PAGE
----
If you’re trying to decide between an electric vs gas water heater, you want to make an informed decision – preferably one that’s aided by advice from industry professionals. That’s where we come in.
Why A Quality Heater Matters
First of all: we get it.
Nobody cares about the differences between an electric vs gas water heater – until your stops working and you’re forced to make the impossible choice of taking an ice cold shower in December or going on a first date without showering after hitting the gym.
Then you really start to wish you’d given more thought to finding the best water heater out there.
Though the first hot water heater was invented in 1868, thankfully, technology has improved – and now you have lots of choices about how you get your hot water.
Let’s Take A Look At The Costs
Let’s not mess around: when it comes to making the choice between an electric vs gas water heater, one of the biggest factors is M-O-N-E-Y.
Interestingly, hot water heaters make up about 17% of a household’s total energy use – meaning that it can really make your utility bills add up.
First of all, unless you have a gas line connected to your home (or are willing to take on the costs that come with having one installed) the only choice you have is an electric heater. And that’s not a bad thing!
When it comes to the costs associated with an electric water heater, it’s really whether you go with an option that has a storage tank or pick a tankless option that makes the difference in your wallet.
Though a storage tank option is less expensive to purchase (around $400) and to install, (another $400 or so) it will take up a good amount of space. A tankless option may be more space-efficient, but is more expensive (usually over $1,000) to buy and to install (another $1,000.)
It’s A Gas!
Let’s compare electric vs gas water heaters now.
Gas heaters are more expensive up front than electric options, (especially because their installation requires PVC pipes) and sometimes they can incur higher operating costs than their electric counterparts.
However, gas heaters are more energy efficient, meaning your utility bill will be lower every month – meaning they’re more cost-effective for larger families. Plus, they often still work even when your home loses power, and they heat up much faster than electric heaters.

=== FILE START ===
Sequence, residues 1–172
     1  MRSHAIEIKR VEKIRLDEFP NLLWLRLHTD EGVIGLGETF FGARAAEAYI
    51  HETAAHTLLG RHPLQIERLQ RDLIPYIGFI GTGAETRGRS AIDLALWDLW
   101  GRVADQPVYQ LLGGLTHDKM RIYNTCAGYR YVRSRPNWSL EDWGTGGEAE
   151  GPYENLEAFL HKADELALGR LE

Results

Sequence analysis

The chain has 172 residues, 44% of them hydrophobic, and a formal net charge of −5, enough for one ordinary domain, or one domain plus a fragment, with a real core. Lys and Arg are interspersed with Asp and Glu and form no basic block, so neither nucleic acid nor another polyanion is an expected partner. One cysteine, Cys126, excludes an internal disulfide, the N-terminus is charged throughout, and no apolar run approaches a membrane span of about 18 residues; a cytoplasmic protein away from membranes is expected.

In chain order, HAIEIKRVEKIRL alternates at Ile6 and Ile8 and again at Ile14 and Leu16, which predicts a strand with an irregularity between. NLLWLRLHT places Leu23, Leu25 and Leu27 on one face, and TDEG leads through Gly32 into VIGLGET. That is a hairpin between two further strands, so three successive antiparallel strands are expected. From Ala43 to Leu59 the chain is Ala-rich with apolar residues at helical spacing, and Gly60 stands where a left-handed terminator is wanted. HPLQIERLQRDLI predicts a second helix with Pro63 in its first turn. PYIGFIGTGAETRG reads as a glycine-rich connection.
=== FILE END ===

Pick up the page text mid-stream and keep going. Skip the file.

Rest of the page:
With all these numbers, is it any wonder water heating is a $2 billion a year industry?
Consider The Source and The Environmental Impact of Electric vs Gas Water Heaters
When it comes to electric vs gas water heaters, it’s not just their cost that sets them apart from each other.
It’s also how they’re heated that can make a difference – especially when it comes to their impact on the environment.
It can be hard to determine whether it’s electric vs gas heaters that have a lower overall effect on the environment. Electric water heaters are heated from many different sources: including things like nuclear or natural gas power plants, coal, or even wind power.
Gas heaters, on the other hand, are heated by one thing and one thing only: you guessed it, natural gas.
This means that for the most part, when you’re considering the efficiency of these two heaters, gas is the way to go. This is because most of the electricity in America comes from fossil fuels that aren’t even operating at half their potential efficiency. So, when you’re using gas, your water is being heated in a way that’s a little more gentle on the environment.
Keep in mind, though, that if you take carbon emissions into serious consideration (not just fuel efficiency) when evaluating the footprint of your heater, you have to think about where most of your electricity is coming from. If your main source is coal power plants, then when it comes to electric vs gas water heaters, your carbon imprint might be about even.
What’s the Life Expectation of Each Option?
Ironically, this is the one area where our two contenders are pretty evenly matched!
Both electric and gas water heaters last an average of 12 and 13 years – though electric water heaters will cost you about $1,000 more in operating costs than their gas counterparts.
Still, at least you’ll only have to make this difficult choice once every 12 years.
Let’s Talk About Re-Heating Speeds
Though we’ve mentioned that gas water heaters take less time than electric water heaters to warm your water, we haven’t talked numbers – also known as the “recovery rate:”
AKA, how long it takes for the water to heat back up after it goes cold.
If you like to take long showers, or if you have a larger family that always seems to be fighting over who gets to take a shower while the water is still warm, this can be an important factor in your choice.
It takes a gas water heater only an hour to heat an entire 50-gallon tank of water – but unfortunately, an electric option can take double or even triple the amount of time to heat that much water. That’s whether it’s heating it for the first time or just “recovering.”
And yes, believe it or not, factors like the climate of your environment can sometimes have an impact on heating and reheating time.
Bottom line: in the debate of electric vs gas water heaters, in terms of recovery speed, gas is faster every time. But remember: they’re also more expensive!
In the end, it’s all about prioritizing what is the most important to you.
Final Takeaways On Electric vs Gas Water Heaters
There are so many different factors that can go into choosing between an electric and gas water heater: cost, energy management, capacity, and environmental impact are still only a few of the things people consider.
If you still have questions, don’t sweat it!
Instead, reach out to an experienced professional that can help you effectively evaluate the needs of your household and select the best heating system for you. Contact us today to learn more about all the services we offer – and to make sure you never take a cold shower again!